Please Note: This article is written for users of the following Microsoft Excel versions: 2007, 2010, 2013, 2016, 2019, and Excel in Office 365. If you are using an earlier version (Excel 2003 or earlier), this tip may not work for you. For a version of this tip written specifically for earlier versions of Excel, click here: Changing the Color of Worksheet Gridlines.

Changing the Color of Worksheet Gridlines

by Allen Wyatt
(last updated November 16, 2019)

3

Most people using Excel leave the gridlines visible so that they can easily see where the various cells are. By default, the gridlines are a light gray. You can easily change the gridlines to a different color by following these steps:

  1. Display the Excel Options dialog box. (In Excel 2007 click the Office button and then click Excel Options. In Excel 2010 or a later version, display the File tab of the ribbon and then click Options.)
  2. Click Advanced at the left side of the dialog box.
  3. Scroll through the options until you see the Display Options for this Worksheet section. (See Figure 1.)
  4. Figure 1. The Advanced options of the Excel Options dialog box.

  5. Ensure the Show Gridlines check box is selected.
  6. Using the Gridline Color drop-down list, choose the color you want to use.
  7. Click OK.

ExcelTips is your source for cost-effective Microsoft Excel training. This tip (6210) applies to Microsoft Excel 2007, 2010, 2013, 2016, 2019, and Excel in Office 365. You can find a version of this tip for the older menu interface of Excel here: Changing the Color of Worksheet Gridlines.

Author Bio

Allen Wyatt

With more than 50 non-fiction books and numerous magazine articles to his credit, Allen Wyatt is an internationally recognized author. He is president of Sharon Parq Associates, a computer and publishing services company. ...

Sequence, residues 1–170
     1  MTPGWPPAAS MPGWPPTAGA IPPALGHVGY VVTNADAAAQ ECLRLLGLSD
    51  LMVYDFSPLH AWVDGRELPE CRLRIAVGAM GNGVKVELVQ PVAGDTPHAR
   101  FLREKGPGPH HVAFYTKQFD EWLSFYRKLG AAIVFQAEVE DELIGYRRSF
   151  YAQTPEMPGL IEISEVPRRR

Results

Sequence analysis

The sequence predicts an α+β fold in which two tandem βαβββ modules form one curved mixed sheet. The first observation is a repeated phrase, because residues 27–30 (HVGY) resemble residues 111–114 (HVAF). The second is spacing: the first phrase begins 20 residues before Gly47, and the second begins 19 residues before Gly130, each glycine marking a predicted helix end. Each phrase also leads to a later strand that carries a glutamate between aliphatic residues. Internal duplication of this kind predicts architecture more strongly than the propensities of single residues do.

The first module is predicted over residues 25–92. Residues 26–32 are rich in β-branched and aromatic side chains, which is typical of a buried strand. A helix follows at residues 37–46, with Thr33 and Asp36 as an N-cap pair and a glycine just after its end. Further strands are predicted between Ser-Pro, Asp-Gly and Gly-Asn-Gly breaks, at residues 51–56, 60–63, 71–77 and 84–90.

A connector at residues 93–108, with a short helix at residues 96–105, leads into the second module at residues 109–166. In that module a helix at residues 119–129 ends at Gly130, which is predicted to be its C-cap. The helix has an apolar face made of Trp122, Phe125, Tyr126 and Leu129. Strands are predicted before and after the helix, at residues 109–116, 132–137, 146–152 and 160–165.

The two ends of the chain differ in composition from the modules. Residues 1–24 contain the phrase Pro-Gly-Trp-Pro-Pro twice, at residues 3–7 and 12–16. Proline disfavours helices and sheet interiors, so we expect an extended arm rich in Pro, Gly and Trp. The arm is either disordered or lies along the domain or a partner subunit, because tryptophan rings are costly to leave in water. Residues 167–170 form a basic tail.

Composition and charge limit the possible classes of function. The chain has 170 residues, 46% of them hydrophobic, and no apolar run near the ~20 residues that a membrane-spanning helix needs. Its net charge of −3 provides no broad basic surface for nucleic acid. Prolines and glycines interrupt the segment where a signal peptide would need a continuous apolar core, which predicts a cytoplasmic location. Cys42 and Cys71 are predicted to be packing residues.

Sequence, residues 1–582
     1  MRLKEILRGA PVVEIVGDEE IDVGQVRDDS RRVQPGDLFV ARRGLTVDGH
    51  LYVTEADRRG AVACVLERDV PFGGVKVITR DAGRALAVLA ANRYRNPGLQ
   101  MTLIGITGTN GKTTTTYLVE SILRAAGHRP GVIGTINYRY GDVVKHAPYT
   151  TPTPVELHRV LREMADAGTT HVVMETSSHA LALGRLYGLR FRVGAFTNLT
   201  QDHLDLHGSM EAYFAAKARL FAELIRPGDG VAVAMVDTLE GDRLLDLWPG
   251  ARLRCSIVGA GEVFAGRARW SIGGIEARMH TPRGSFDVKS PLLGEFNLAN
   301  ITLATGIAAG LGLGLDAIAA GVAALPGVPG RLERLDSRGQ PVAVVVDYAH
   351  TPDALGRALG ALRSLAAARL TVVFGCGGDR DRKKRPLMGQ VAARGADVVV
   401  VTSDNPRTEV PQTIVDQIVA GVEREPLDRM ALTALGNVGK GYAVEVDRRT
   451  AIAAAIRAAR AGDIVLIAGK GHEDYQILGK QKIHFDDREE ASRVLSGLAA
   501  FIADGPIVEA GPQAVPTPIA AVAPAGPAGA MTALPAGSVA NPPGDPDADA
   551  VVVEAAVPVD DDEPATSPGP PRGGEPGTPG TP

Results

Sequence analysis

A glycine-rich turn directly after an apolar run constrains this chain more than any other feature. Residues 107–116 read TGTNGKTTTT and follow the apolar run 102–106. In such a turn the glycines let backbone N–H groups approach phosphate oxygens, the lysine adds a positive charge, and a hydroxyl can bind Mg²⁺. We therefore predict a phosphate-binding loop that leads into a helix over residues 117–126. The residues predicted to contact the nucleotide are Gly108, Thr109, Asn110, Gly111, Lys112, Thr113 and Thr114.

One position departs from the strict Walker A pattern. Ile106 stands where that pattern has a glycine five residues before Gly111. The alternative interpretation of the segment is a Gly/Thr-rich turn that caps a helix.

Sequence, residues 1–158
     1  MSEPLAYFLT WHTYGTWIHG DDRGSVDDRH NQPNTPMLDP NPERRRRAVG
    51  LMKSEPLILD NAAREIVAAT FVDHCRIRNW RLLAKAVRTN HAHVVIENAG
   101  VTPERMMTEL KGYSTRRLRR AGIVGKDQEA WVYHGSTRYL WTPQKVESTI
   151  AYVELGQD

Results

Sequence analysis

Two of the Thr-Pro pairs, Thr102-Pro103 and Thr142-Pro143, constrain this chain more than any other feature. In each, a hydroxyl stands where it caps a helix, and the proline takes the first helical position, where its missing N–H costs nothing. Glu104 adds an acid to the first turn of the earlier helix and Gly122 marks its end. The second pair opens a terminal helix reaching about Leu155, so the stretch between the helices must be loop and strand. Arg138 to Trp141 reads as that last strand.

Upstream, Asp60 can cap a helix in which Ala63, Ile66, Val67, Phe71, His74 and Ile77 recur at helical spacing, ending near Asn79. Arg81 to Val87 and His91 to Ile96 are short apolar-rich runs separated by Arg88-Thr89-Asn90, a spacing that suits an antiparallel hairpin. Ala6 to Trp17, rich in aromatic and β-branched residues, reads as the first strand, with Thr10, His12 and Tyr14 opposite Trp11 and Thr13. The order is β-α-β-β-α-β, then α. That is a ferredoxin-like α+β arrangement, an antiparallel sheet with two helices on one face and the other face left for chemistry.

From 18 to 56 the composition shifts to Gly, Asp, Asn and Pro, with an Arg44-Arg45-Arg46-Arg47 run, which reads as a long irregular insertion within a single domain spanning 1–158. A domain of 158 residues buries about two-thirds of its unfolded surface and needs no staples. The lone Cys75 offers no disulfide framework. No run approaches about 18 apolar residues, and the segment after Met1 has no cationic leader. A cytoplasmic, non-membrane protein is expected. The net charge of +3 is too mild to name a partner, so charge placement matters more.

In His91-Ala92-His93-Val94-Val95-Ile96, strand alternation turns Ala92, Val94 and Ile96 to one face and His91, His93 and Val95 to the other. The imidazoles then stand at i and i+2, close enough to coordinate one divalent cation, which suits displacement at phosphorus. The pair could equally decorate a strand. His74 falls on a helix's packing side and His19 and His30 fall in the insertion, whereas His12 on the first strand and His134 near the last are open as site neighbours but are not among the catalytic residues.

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What is five more than 5?

2021-02-06 14:28:37

John Mann

This bears further investigation on my part - thanks for idea. When I set the grid lines colour to a non-standard colour, I usually match them to the colour of the tab for the worksheet. Setting the grid colour to match the tab colour is an attempt to replace the very nice feature in Lotus 1-2-3 whereby the tab colour o the entire active sheet is reproduced as a line across the top of the sheet. (1-2-3 has it's tabs across the top, instead of wasting space in the status bar. (see Figure 1 below)

It would seem to me, therefor, that modifying the macro to pick up the colour of the worksheet tab, and then applying it tothe gridlines of not just a range of cells but to the entire sheet would be very useful. Something to experiment with while I'm learning macros.

Figure 1. Lotus 1-2-3 tabs


2021-01-31 06:55:02

Harold Druss

For John Mann:
How about a macro?

Sub SetBackgroundColor()
Dim rng As Range
Set rng = Range("D1, D3, D5, D7")
With rng
.Interior.ColorIndex = 8
.BorderAround ColorIndex:=1, Weight:=xlThin
End With
End Sub


2021-01-30 16:51:12

John Mann

I've used this option on a number of occasions for various reasons - practical or just to look pretty.

It doesn't solve a problem I've encountered with Excel 2010 (can't write about other versions) where when I set a background colour for a range of cells, the grid-lines disappear. If I want them to be visible within a coloured ranged, I have to actually format the range with external and internal borders of the desired colour. On some occasions I've done that by selecting the entire sheet, then setting the border colours.


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